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The Internal Revenue Service (IRS) and the President recently endorsed negative election programs, which require workers to be enrolled automatically in a 401(k) plan unless they specifically decline to participate. This is commonly known as the "McDonald's Election" since it was first implemented by the fast food giant.

The IRS' example follows:

Under Plan A, a newly hired employee is immediately eligible to participate in the plan. If the employee does not affirmatively elect to receive cash or have a specified amount contributed to the plan, his or her compensation is automatically reduced by 3% and this amount is contributed to the plan. An election not to make a salary reduction contribution or to contribute a different percentage of compensation can be made at any time.

At the time an employee is hired, the employee receives a notice of the following:
  • explanation of the automatic salary deferral election,
  • the employee's right to elect to have no salary deferral contributions made to the plan,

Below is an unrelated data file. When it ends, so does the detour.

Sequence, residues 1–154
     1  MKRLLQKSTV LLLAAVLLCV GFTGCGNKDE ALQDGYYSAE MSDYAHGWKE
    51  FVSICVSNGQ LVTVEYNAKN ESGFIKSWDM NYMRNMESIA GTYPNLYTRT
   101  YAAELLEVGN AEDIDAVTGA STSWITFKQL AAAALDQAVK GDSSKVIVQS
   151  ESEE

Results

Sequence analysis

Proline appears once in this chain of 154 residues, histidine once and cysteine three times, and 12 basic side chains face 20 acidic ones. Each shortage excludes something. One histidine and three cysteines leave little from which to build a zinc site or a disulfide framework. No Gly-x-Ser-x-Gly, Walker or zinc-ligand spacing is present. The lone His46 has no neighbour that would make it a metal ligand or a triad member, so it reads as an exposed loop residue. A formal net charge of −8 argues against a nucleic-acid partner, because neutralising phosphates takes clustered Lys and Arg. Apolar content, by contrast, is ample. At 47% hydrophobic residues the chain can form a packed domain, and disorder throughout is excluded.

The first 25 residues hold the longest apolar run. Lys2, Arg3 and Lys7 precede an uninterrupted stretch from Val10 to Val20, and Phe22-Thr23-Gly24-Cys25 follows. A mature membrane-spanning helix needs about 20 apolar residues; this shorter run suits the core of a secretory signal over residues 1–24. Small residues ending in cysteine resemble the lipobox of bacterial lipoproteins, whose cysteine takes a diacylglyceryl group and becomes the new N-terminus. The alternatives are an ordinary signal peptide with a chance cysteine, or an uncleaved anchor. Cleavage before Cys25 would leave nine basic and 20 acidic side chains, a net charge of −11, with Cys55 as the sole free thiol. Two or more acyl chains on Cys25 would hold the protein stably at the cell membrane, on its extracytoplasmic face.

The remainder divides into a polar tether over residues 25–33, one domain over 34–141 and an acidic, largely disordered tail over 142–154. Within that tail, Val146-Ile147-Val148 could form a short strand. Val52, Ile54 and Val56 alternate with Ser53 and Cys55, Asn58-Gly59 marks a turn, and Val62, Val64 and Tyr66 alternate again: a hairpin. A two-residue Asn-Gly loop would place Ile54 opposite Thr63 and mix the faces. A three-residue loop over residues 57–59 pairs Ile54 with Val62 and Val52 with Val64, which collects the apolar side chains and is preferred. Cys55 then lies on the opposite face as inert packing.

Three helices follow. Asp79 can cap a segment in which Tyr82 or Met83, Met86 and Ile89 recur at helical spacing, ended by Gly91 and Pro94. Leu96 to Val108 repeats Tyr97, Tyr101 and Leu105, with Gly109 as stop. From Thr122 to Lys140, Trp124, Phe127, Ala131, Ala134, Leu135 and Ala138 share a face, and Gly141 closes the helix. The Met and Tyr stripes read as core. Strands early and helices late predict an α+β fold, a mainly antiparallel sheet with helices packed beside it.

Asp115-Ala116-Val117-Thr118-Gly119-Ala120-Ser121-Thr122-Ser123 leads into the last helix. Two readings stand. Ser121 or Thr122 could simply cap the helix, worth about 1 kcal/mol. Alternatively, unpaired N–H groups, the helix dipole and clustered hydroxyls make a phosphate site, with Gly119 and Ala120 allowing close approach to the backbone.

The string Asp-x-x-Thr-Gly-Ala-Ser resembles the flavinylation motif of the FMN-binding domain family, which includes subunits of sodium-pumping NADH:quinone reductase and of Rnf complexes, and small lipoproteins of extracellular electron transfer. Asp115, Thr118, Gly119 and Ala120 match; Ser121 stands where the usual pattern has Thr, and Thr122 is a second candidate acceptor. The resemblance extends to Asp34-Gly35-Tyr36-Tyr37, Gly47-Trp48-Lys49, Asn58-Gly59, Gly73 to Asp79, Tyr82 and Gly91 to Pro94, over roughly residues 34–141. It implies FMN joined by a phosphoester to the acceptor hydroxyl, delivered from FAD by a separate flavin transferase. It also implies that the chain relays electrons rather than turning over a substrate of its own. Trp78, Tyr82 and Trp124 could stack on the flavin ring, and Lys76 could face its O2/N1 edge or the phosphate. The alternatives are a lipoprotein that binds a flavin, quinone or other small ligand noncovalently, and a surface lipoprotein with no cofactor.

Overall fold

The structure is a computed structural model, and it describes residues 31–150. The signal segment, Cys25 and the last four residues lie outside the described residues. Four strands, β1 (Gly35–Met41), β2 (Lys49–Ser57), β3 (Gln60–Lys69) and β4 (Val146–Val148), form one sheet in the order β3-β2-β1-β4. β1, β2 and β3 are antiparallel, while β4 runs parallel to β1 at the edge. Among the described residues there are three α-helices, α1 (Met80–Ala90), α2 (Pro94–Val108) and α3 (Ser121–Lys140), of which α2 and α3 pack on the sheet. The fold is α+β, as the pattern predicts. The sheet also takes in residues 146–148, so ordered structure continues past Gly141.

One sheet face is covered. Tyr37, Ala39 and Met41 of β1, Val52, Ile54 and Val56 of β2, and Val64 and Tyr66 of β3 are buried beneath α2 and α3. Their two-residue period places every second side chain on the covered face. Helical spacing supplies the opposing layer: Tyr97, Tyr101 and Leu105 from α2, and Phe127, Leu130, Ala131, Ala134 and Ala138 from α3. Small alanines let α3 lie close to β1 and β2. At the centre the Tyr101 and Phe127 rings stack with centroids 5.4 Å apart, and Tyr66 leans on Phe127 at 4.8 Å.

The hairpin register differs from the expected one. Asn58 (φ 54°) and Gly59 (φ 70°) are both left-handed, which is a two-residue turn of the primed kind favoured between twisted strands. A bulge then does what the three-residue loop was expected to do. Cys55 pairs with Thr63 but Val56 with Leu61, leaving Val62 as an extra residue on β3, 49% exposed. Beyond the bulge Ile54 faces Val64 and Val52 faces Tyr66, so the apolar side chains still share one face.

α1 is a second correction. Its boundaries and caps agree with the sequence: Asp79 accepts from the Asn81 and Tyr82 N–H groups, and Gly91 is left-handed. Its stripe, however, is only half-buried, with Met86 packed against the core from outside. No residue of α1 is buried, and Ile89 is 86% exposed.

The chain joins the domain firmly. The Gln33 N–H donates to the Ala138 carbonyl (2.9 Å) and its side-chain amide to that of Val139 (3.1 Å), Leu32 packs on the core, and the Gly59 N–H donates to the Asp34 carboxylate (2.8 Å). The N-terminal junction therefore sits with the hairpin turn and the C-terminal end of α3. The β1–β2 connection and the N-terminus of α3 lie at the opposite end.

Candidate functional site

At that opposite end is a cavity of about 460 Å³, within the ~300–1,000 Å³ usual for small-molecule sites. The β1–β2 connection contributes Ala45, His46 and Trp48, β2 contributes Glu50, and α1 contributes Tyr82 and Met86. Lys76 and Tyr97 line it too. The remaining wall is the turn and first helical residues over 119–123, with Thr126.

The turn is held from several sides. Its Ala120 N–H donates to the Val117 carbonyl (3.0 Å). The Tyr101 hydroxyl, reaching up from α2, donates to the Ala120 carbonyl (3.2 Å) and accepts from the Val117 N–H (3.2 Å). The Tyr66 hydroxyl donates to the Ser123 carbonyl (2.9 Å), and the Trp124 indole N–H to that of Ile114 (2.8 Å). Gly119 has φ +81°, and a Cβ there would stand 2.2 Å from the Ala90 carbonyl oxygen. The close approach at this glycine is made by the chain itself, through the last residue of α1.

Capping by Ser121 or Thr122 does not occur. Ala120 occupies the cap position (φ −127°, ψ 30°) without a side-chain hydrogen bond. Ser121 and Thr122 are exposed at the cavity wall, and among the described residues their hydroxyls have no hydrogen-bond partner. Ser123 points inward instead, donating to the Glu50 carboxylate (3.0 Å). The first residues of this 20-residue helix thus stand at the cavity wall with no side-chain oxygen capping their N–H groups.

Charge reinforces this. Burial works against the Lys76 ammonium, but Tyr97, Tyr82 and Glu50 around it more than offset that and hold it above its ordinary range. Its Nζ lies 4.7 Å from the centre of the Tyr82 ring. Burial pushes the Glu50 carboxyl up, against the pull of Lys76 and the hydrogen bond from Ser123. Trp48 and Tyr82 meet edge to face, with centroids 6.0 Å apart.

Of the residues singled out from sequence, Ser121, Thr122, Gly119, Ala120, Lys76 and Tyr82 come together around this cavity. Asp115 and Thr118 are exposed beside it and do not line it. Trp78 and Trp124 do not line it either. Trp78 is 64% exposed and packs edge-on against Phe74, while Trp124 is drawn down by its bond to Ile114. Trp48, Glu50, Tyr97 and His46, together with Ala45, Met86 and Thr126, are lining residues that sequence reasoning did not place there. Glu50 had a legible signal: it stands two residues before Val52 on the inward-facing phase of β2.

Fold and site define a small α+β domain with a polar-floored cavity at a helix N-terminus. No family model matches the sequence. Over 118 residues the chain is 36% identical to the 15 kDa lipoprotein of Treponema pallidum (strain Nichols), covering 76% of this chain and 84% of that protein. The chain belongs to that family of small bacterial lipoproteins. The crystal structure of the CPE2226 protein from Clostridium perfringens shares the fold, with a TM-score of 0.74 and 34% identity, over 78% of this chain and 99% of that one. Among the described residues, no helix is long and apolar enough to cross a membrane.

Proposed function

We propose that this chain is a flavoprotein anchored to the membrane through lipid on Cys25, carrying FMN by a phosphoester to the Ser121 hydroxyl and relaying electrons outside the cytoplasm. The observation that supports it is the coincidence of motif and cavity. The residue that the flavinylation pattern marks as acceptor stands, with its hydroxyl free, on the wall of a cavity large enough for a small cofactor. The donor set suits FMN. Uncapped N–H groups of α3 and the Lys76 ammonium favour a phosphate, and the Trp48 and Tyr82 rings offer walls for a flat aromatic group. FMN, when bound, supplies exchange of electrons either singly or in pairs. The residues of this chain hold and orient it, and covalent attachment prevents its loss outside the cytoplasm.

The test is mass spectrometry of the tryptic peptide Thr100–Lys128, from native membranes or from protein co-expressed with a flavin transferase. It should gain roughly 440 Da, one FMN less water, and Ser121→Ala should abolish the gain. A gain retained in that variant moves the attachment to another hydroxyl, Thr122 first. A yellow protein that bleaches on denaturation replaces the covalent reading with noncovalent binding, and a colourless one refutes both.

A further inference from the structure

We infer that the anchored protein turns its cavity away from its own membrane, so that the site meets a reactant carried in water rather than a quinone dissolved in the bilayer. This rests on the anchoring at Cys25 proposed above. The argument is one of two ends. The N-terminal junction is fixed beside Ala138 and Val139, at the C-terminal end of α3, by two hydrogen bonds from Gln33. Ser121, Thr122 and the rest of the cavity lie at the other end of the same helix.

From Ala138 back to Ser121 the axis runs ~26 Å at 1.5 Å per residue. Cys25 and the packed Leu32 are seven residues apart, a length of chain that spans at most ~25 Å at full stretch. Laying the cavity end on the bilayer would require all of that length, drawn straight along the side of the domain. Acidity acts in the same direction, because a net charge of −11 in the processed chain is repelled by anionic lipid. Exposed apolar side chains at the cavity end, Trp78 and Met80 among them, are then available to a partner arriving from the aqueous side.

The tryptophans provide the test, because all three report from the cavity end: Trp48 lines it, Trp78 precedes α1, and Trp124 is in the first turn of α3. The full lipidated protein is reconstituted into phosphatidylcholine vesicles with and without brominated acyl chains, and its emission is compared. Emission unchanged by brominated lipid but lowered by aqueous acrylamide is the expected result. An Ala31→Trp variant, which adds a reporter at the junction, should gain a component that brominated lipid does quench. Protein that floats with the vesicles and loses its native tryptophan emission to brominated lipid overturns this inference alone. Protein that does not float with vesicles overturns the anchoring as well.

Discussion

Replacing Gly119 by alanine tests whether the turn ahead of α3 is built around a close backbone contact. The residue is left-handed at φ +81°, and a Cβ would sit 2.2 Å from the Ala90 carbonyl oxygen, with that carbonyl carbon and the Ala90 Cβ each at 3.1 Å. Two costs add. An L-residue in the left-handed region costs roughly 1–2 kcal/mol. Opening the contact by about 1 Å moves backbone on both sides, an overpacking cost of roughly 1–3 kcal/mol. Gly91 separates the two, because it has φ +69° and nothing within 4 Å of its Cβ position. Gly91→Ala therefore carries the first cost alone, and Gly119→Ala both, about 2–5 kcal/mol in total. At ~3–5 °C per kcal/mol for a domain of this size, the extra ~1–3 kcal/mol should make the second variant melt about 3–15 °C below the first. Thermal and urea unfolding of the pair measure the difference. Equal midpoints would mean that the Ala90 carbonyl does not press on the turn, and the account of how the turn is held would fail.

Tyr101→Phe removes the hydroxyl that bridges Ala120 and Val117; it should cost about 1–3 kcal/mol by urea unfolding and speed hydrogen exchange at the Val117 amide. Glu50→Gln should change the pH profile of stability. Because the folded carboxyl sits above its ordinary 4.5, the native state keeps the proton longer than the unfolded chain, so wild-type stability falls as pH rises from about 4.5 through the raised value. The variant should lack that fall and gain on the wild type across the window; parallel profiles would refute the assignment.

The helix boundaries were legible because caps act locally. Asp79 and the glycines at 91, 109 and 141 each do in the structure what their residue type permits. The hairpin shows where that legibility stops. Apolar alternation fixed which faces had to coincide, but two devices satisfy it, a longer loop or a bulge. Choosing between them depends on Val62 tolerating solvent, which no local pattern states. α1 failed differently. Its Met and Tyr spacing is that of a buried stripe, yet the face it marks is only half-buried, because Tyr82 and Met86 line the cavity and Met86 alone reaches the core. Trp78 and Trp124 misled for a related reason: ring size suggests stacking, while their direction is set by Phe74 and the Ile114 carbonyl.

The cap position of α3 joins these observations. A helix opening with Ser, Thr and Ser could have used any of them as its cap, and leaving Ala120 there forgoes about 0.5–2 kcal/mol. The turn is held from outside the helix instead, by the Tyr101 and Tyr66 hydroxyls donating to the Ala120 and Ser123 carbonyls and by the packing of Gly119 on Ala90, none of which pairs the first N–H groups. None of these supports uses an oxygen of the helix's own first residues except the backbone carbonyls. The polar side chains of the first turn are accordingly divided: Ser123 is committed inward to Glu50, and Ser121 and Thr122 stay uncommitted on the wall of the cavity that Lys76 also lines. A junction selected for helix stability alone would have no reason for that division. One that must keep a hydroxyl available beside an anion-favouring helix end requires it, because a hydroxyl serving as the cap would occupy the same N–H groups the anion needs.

• the employee's right to alter the amount of contributions,
  • the procedure for altering the amount of contribution.
The employee is subsequently notified annually of his or her salary deferral percentage and the employee's right to change the percentage.

The plan provides that both salary deferrals and matching contribution will be invested according to the employee's election. If the employee makes no election, the employer will automatically invest the employee's contributions in the trust's balanced fund, which includes both diversified equity and fixed income investments.

The Department of Labor has advised the Treasury and the Internal Revenue Service that, ERISA 404(c) relief will not be available when the employee is merely apprised of investments that will be made on his or her behalf in the absence of instructions to the contrary.

Basically, the employer needs to decide two items:
  1. the default percentage, and
  2. the default investment option.
It appears that the defaults outlined in the IRS' example would be the best place to start.

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